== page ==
Breaking The Ice
By Kristy Nicolle
I stare across the fine table linens and through cut crystal toward her, slouched atop the red velvet of her seat. She’s wearing the denim jacket I gave her last night, a white t-shirt with a smiley face on it, and those jeans that make her butt look like a low hanging peach.
She peers up at the hanging crystal chandeliers overhead, their glisten setting her eyes alight like the sea beneath a star-studded sky. I smile at her, and she smiles back, peering quickly back over one shoulder as she balls her fists in the denim of her sleeves.
I inhale beneath my cumberbund, which matches the turquoise of my eyes and the co-ordinated velvet jacket that is straining against the broadness of my shoulders. My white shirt is ruffled at the front like whipped cream, and my pants are also a light teal velvet as they hang down, stopping prematurely around my ankle, displaying my pure white socks beneath. My assistant, Casey, insisted was the latest fashionable formal attire, and yet I feel a little like a character in some kind of bizarre comic strip as I sit here, my teal-glory clashing against the red and cream décor of the five-star French restaurant.
Everything had felt so intense, so right last night. Tonight however, I’m back to remembering that though I felt otherwise only 12 hours ago, I barely know this girl and we’re from two entirely different worlds.
From behind Patience’s self-conscious hunch, a wine waiter in a black tuxedo appears, his black hair slicked back, and his moustache styled so it appears to defy gravity.
“Evening Sir, Miss. Have you taken a look at the wine list?” he enquires, folding his arms behind him and puffing out his chest.
I watch his expresso hued irises scan over Patience and feel my jacket tightening around my chest as he takes in her beautiful face with growing pupils, barely even looking at me.
“I’ll take a bottle of your most expensive red,” I demand, asserting myself despite the fact he is completely ignoring me.
“Of course, sir. And Hors D’ Oeuvres?” He adds. I look at the woman across from me, who flushes.
“I’ll take the seared scallops.” I gesture to the specials chalk board on the far wall.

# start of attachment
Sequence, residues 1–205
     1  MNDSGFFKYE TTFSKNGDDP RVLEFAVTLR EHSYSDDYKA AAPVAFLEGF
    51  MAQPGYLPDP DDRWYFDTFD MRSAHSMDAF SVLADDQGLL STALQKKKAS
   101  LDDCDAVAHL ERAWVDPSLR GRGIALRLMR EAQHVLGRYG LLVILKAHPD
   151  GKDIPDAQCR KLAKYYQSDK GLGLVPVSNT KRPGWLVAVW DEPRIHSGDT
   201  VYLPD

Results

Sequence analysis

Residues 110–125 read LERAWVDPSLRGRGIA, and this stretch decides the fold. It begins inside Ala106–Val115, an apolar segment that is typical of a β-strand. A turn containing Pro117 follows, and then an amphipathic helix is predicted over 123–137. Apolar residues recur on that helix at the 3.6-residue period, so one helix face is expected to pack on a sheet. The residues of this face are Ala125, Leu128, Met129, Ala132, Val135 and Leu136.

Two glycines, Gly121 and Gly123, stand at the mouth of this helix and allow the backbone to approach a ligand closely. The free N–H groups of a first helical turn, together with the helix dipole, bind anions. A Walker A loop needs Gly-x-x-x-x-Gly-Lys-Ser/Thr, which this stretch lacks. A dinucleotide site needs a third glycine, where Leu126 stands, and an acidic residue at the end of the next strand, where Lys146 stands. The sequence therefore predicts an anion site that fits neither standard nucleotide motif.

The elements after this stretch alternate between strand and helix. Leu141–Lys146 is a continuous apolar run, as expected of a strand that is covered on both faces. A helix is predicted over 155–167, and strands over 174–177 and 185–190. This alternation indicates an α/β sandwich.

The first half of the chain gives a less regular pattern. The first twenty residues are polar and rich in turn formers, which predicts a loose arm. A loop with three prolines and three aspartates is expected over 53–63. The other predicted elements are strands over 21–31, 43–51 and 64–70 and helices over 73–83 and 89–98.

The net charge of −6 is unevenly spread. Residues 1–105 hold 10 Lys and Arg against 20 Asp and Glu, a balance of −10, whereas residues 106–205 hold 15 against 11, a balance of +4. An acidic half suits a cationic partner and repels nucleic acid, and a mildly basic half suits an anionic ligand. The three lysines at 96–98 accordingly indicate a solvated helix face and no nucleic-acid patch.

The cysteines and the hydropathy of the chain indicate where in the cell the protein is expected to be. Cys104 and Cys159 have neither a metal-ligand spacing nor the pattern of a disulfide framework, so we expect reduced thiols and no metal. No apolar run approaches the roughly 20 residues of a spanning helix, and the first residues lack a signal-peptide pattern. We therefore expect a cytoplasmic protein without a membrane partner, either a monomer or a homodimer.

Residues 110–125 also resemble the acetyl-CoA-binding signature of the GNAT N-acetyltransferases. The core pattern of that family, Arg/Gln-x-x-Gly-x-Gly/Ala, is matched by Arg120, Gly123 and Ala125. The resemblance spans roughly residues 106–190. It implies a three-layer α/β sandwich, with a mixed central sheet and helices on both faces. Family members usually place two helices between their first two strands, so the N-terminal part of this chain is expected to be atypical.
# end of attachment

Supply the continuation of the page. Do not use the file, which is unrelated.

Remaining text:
“And for Madame?” He bows a little, adding a flourish of his hand, and she blushes deeper. I don’t know whether to find her innocence, her naivety about his intentions adorable or aggravating.
“Uh, the same,” her voice is a squeak and I wonder where the feisty girl who’d thrown ice cream in Titus’ face has disappeared to.
The tall yet waifish waiter lingers a moment, eyes trying to catch with my date’s despite the fact she’s looking at the hands that are now crossed in her lap.
I narrow my gaze, cocking a head to the side and giving a cough that causes the unwelcome mortal to scurry away towards the kitchen’s swinging white doors.
“Patience, uh… is there something wrong?” I ask her, conscious that she might be rethinking waiting for me. I know it’s a lot to ask, and I couldn’t blame her for walking away, even if it did break my heart.
“It’s just… I’m wearing Jordache jeans…” she sighs, eyes darting to the other diners that surround us.
“And very nice they are too.” I smile at her, wondering if she’s mad I have complimented her outfit choice yet.
“Not the point. You could have warned me we were coming to somewhere this fancy, Gideon. I’m completely underdressed.” I feel my brows rise dramatically on my forehead as I suddenly see her point.
“Well, I thought you knew this was a date. What did you think I was going to take you for corndogs on the pier?” I ask her, chortling to myself. I watch her expression remain unchanged, and my eyes widen.
It’s clear that’s exactly what she anticipated.
“You seriously thought that? What the hell kind of dates have you been on?” I ask her, a thick laugh escaping from the back of my throat as I choke back my surprise.
I find myself wishing the waiter would hurry up with the wine, then at least I’d have something to sip on between making a complete idiot of myself.
“Well, the regular kind. You know, bowling, the movies, the arcade… not the kind that you have so clearly have been on. Which was when? Like in the renaissance period. How long has it been since you went on a date?” The fire returns to her eyes as one side of her glossy pink mouth pulls up into a smirk.
“I guess I’m showing my age. Did I at least get the tuxedo right?” I ask her, widening my arms and giving her a good look at my attire.
“Uh, well the whole coloured tuxedo thing is in, I guess. Though you kind of look like a giant human booger…” Her expression lights up, back straightening, and I sigh feeling myself blush instead this time.